Norwich expands full-day kindergarten to all elementary schools in the city

Norwich - The public school system will expand full-day kindergarten to all seven city elementary schools next month but will not have enough spots to serve all students expected to enter kindergarten when school starts Aug. 28.

The Board of Education budget committee this month asked that restoring full-day kindergarten to all elementary schools be made a priority in staffing decisions despite a nearly flat city budget. Norwich had full-day kindergarten for only a few years and dropped it several years ago in budget cuts.

Superintendent Abby Dolliver said Thursday that administrators have worked out a plan to offer at least one full-day kindergarten classroom in all elementary schools, but schools with limited staffing and space will use a lottery system to allocate spots.

The school system last year used the state Network School reform grant to bring two classes of full-day kindergarten to the John B. Stanton School. This year, subject to state Department of Education approval, Dolliver plans to use the city's $2.3 million state Alliance District reform grant to bring two full-day kindergarten classes each to Uncas and Wequonnoc elementary schools.

That would leave Samuel Huntington, Thomas Mahan, John M. Moriarty and Veterans' Memorial schools to rely on city school budget funding for kindergarten. In those schools, Dolliver plans to offer one full-day kindergarten class and one or two half-day kindergarten classes, depending on enrollment.

"We don't know the breakdown yet," Dolliver said, "because a lot of families don't sign up until the first day of school."

The school system had 377 kindergarten students in the 2012-13 school year.

Kindergarten enrollment is open now, and Dolliver expects all full-day kindergarten classes to fill up quickly. She has asked officials at LEARN, the region's educational services agency, to oversee a lottery for the slots. The enrollment deadline for the lottery will be Aug. 14.

Space and funding have been the main issues in expanding full-day kindergarten, Dolliver said. Board of Education member Jesshua Ballaro insisted at the last budget committee meeting that full-day kindergarten be added before the board reached final decisions on budget cuts and staffing. Ballaro suggested that the two popular school resource police officers at the two middle schools be cut to provide the funding.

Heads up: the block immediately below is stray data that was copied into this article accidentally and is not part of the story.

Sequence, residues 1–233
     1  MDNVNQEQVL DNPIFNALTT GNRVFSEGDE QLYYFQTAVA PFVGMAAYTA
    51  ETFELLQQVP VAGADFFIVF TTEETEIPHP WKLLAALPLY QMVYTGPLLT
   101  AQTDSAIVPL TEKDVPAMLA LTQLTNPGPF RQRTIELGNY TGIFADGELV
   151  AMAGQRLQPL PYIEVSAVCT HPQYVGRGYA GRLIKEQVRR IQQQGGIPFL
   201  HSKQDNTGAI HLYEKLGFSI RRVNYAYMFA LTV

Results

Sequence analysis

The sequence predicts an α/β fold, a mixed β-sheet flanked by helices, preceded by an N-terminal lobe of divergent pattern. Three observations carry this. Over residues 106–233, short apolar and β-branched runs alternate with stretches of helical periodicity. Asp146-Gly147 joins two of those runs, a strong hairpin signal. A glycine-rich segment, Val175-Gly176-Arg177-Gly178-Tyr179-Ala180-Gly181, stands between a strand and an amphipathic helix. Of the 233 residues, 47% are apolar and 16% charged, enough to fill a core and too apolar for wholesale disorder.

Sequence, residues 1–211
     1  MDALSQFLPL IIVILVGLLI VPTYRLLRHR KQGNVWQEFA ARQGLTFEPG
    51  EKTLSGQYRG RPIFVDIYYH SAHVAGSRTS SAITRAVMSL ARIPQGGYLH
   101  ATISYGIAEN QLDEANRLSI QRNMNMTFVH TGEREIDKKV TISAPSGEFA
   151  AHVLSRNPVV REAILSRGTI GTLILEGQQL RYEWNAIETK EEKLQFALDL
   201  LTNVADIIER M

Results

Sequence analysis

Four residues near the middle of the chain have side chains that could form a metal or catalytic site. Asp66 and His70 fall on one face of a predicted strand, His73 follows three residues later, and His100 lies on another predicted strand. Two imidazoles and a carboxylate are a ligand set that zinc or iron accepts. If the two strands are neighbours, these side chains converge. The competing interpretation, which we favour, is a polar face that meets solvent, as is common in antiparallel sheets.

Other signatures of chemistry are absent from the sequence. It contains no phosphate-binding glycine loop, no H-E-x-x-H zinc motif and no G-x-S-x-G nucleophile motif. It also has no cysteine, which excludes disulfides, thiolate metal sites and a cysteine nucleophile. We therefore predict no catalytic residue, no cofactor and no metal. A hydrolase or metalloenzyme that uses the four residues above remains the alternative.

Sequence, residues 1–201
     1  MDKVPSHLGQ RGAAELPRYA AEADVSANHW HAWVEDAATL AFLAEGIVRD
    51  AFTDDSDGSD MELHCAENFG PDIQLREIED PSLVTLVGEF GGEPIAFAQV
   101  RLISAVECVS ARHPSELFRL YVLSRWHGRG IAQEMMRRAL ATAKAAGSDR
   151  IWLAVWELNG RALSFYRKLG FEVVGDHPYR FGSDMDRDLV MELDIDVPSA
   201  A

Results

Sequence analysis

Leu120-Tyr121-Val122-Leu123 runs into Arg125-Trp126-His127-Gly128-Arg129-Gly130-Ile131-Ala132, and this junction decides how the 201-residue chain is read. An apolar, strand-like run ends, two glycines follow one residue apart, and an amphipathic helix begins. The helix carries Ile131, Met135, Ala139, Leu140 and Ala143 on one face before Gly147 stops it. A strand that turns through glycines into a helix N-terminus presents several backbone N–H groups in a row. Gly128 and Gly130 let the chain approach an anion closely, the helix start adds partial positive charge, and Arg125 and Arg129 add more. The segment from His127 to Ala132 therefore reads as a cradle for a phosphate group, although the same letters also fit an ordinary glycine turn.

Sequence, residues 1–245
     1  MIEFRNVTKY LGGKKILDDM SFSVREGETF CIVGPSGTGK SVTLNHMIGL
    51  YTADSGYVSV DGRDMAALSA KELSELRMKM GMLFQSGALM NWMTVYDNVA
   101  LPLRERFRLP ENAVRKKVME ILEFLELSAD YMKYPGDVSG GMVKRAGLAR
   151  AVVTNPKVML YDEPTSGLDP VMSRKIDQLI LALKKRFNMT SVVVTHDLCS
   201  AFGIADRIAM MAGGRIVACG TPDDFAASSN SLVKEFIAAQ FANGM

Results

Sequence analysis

"Excellent," Ballaro said after learning of the expansion of full-day kindergarten. "I'm sure everybody will be pleased. We need to make that a priority in the budget."

Ballaro said the long-term effects of full-day kindergarten will be positive. Before the first year of full-day kindergarten ended, students at Stanton were reading at the first-grade level, school officials said.

"It makes them better prepared," Ballaro said.

Dolliver said the new plan would use existing staffing - except where state grant money would pay for additional kindergarten teachers - and classrooms. Space becomes a problem, because morning and afternoon sessions with 20 students each share one classroom, but full-day sessions would need two classrooms.

Full-day classes at Stanton had 30 students each, and classroom assistants worked in each class. Ideal class size for kindergarten would be high teens to 20 students, Dolliver said.

If some classes are exceedingly large, Dolliver said the school system might be able to offer parents a choice of sending their child to a different school with a smaller class, but she expects all the full-day classes to fill up.

To enroll students

Families wishing to enroll students for either full-day or half-day kindergarten can call the school central office at (860) 823-4245. The deadline for the lottery will be Aug. 14, and families will be notified of results Aug. 15.


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